DR Congo: Harvard Study Reveals More on Rape Crisis
Wednesday, April 21, 2010 10:15 AM

A recent study by the Harvard Humanitarian Initiative entitled “Now, The World Is Without Me” reports statistics and evidence of trends concerning the rape crisis in the Democratic Republic of Congo (DRC).  The study, commissioned by Oxfam America, conducted interviews of 4,311 rape victims over a four-year period who received treatment at the Panzi hospital in the South Kivu Province. 

According to the information gathered in the interviews, 56 percent of assaults were carried out in the family home by armed men, 16 percent in fields, and 15 percent in the forest.  Of these assaults, 60 percent were gang rapes by armed men and 57 percent had taken place at night.  Furthermore, the study revealed that only 12 percent of women had come to the Panzi hospital within a month of being assaulted to receive treatment.  This delay is related to the stigma surrounding rape in the DRC and the limited access to Panzi’s medical facility.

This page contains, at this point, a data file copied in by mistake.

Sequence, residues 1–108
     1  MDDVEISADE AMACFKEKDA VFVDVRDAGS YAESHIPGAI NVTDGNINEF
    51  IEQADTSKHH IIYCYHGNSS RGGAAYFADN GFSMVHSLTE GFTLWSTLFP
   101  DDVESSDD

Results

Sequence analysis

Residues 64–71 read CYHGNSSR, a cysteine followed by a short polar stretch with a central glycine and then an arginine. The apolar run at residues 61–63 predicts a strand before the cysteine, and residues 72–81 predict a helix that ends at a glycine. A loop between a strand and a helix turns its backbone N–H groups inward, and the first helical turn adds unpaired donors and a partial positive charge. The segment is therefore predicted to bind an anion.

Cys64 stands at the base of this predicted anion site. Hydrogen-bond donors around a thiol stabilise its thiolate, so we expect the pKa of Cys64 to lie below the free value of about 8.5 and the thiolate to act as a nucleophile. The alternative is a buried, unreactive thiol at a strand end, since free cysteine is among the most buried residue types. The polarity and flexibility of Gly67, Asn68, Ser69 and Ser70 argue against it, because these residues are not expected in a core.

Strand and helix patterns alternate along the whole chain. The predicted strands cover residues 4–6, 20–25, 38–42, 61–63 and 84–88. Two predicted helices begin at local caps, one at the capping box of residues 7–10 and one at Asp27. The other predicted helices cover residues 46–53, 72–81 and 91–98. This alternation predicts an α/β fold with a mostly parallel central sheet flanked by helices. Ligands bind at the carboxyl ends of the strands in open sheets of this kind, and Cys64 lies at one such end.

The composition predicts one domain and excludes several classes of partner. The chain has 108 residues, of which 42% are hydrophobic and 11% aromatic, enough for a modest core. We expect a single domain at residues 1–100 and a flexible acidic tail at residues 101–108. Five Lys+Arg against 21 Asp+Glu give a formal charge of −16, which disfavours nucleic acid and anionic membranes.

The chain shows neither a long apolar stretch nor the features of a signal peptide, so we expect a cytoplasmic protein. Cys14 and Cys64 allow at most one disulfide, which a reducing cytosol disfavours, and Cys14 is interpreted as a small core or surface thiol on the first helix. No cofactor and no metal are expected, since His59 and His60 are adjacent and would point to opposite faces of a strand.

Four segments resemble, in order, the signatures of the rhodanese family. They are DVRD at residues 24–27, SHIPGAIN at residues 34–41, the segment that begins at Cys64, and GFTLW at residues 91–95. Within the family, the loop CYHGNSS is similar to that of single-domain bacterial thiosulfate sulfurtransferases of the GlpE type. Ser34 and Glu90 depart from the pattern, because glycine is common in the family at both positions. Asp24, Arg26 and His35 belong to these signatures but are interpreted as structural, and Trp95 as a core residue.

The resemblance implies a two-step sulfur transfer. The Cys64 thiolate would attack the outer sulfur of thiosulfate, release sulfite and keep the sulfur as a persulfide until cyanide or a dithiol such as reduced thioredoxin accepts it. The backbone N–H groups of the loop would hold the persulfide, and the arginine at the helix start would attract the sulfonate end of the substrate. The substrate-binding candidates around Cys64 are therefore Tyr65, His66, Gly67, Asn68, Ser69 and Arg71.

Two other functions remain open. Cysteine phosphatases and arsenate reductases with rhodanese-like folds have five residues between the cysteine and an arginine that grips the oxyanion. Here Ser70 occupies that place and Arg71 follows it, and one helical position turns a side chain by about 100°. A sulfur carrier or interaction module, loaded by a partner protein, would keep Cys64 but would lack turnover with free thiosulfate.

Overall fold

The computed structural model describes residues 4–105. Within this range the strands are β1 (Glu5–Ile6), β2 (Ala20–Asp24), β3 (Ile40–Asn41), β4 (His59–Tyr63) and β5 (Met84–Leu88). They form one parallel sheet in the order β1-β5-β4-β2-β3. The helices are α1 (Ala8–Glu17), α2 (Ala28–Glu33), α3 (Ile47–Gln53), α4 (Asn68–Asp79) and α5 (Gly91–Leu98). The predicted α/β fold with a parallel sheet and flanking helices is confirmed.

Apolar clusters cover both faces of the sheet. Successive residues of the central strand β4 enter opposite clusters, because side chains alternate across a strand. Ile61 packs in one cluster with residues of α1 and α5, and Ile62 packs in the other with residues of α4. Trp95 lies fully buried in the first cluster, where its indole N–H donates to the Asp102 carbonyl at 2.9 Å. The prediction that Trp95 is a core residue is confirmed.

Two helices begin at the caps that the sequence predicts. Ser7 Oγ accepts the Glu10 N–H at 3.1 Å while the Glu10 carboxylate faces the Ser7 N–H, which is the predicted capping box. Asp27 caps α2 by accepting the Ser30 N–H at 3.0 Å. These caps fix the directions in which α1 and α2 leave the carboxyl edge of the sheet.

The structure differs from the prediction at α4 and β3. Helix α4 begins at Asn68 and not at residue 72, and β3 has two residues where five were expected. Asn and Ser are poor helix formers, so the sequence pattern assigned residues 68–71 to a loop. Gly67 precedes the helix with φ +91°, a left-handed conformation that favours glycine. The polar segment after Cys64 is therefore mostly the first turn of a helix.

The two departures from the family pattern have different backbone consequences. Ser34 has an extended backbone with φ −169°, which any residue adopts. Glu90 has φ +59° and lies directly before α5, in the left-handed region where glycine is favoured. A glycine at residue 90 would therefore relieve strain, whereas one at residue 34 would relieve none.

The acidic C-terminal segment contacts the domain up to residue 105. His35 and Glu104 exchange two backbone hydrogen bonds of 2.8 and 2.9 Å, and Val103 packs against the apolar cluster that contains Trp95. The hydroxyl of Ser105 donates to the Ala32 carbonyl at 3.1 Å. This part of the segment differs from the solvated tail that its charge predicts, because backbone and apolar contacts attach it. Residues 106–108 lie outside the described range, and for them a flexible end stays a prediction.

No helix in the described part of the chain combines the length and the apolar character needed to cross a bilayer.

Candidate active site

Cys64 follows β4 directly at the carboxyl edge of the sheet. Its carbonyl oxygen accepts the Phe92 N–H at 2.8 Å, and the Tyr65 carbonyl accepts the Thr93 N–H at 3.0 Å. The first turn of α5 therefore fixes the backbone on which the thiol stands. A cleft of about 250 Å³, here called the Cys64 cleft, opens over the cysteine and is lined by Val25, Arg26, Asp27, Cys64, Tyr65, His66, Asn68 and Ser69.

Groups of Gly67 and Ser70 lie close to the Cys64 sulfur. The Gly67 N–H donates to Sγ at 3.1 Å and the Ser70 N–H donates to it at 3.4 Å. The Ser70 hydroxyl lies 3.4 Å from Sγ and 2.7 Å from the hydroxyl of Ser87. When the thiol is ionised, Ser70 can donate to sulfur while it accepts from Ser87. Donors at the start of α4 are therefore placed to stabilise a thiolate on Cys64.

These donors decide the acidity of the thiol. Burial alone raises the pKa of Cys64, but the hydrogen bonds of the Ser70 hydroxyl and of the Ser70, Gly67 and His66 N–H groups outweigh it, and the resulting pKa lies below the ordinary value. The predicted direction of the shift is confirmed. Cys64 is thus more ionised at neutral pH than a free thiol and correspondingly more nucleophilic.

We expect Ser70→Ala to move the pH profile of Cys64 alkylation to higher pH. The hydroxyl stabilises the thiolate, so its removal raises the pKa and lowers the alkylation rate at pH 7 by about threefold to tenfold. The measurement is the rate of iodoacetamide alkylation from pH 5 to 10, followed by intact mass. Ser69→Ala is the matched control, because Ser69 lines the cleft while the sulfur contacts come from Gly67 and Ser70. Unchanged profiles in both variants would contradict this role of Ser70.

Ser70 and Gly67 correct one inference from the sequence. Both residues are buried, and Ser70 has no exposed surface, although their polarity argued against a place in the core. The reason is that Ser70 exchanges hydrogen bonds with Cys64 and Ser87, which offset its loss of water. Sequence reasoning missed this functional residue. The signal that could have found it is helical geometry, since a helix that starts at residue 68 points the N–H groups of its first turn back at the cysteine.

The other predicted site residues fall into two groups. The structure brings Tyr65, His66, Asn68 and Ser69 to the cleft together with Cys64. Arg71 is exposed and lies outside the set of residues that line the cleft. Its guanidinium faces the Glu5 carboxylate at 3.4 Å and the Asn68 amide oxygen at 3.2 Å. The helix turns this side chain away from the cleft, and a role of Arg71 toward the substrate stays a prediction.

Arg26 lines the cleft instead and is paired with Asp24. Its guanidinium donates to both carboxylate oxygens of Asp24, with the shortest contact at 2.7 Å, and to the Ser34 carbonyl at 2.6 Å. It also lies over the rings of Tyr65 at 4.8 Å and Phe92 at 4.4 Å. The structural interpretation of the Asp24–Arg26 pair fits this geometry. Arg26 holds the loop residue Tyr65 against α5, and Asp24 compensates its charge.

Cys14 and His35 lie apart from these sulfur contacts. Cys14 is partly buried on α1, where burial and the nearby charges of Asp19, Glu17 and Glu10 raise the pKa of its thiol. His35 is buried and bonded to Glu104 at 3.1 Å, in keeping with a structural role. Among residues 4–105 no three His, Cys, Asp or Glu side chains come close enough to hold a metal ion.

The study also found a correlation between rape and military activities and an increase in the number of rapes carried out by civilians.  The report found that incidence of rape increased during military activities.  Moreover, the study reported that civilian rape had experienced a 17-fold increase between 2004 and 2008.  This has led experts to believe that a normalization of rape among the civil population has occurred which consequently results in the breakdown of social mechanisms which protect civilians from sexual violence.   

The study also provided recommendations, including ensuring that quality care is widely available, reducing sexual violence linked to military action, building legal/justice initiatives, and seeing that protective deployments are tailored to local realities. 

Compiled From: "New report shows shocking pattern of rape in eastern Congo."  Oxfam International (15 April 2010).  "Now, the world is without me - An investigation of sexual violence in Eastern Democratic Republic of Congo."  Oxfam International (April 2010).